You may check the differences in monitors and calibration tools there, lots of practical info.
iMac does NOT have the type of graphic card and monitor to allow you a big jump in color reliability and performance. Any calibrator will do only a software calibration which doesn't really change the monitor, just some software bits on the graphic card driver and in order to show you how efficient, how advanced and how much better your monitor looks now after the calibration they all generate a sample screen with some colored pictures and let you click on the AFTER button to check the effects ... No tricks there
This change ALWAYS looks the same no matter how many times in a row you calibrate your iMAC... you know how much it matters...
Besides, the monitors of the Macs are very pleasing to do computer work but are too much dead-end in terms of calibration, color accuracy and are over-contrasty too (deceptive psycho-trick to imply good photos- high contrast, high luminance, very bright... in the shop you can't look away.) And you can't really turn it down. In reality a printer cannot deliver that much contrast (less than 30% actually) and you can't really do proper color work with them, so => save your money. Find a hardware calibration monitor first and buy the calibrator for its system.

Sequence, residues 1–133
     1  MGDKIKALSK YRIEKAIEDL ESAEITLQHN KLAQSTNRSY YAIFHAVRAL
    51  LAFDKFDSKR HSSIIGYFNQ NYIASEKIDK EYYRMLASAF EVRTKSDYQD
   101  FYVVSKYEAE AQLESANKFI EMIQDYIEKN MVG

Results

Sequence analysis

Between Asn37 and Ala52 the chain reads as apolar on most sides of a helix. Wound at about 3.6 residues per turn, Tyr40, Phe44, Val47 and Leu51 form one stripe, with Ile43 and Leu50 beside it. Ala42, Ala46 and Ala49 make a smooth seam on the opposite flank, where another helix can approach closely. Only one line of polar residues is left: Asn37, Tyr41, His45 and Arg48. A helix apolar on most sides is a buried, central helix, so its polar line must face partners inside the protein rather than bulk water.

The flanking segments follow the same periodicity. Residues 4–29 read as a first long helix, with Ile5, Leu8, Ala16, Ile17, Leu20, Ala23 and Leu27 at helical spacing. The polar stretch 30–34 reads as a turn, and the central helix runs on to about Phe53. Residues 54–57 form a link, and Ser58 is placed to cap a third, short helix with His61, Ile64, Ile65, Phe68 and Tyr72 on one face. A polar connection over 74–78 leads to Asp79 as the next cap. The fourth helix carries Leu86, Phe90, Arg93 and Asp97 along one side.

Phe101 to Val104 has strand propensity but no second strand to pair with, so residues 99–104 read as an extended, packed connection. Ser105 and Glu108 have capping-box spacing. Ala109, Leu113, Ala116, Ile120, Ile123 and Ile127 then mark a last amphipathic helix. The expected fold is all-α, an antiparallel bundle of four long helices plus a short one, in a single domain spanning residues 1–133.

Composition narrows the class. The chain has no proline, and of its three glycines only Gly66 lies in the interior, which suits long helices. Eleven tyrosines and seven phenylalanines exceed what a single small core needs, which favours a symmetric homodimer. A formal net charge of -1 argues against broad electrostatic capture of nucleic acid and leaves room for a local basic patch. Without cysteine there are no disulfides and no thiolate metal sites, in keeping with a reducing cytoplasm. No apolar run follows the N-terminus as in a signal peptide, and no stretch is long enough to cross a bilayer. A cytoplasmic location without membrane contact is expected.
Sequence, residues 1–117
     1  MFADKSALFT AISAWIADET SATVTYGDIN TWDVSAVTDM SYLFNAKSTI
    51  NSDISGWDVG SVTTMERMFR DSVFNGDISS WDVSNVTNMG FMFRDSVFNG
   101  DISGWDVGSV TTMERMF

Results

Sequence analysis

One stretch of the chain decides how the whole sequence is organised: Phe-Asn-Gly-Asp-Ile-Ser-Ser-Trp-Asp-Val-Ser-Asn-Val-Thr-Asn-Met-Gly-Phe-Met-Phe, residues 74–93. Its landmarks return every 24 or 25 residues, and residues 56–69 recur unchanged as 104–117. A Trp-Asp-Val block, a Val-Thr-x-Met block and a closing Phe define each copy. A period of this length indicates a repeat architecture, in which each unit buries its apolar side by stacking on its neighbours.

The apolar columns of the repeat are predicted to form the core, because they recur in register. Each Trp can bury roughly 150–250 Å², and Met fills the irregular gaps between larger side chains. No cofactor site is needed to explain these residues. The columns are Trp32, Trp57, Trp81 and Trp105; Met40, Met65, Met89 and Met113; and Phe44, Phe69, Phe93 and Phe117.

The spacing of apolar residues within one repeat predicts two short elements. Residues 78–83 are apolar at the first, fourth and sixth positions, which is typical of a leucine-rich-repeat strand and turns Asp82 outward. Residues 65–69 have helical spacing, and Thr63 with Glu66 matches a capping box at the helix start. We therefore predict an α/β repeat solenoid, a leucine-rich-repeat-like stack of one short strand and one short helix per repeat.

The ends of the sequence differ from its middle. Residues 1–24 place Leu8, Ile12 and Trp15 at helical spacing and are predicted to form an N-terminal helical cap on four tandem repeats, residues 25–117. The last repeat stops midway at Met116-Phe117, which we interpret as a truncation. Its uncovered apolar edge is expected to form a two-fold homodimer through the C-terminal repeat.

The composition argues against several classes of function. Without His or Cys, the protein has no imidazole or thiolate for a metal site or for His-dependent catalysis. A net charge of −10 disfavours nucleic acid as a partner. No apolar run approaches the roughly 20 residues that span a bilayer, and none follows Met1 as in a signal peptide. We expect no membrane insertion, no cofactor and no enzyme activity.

I use a 27 and a 30 " NEC PA both calibrated in the hardware of the monitor at 16 bit - this is not even touching the graphic card of the MAC PRO - by the Spyder3Elite. It does a good job there even if there are better options nowadays. But if I try to calibrate the 400$ 24" Samsung (which is actually a good system monitor, fast and contrasty, similar to the Samsungs in the iMacs or MacBook Pros from 2009-10) I just shake my head at the results and laugh when I see the BEFORE/AFTER screens
BTW, did you know how expensive photography can be when you bought your first DSLR...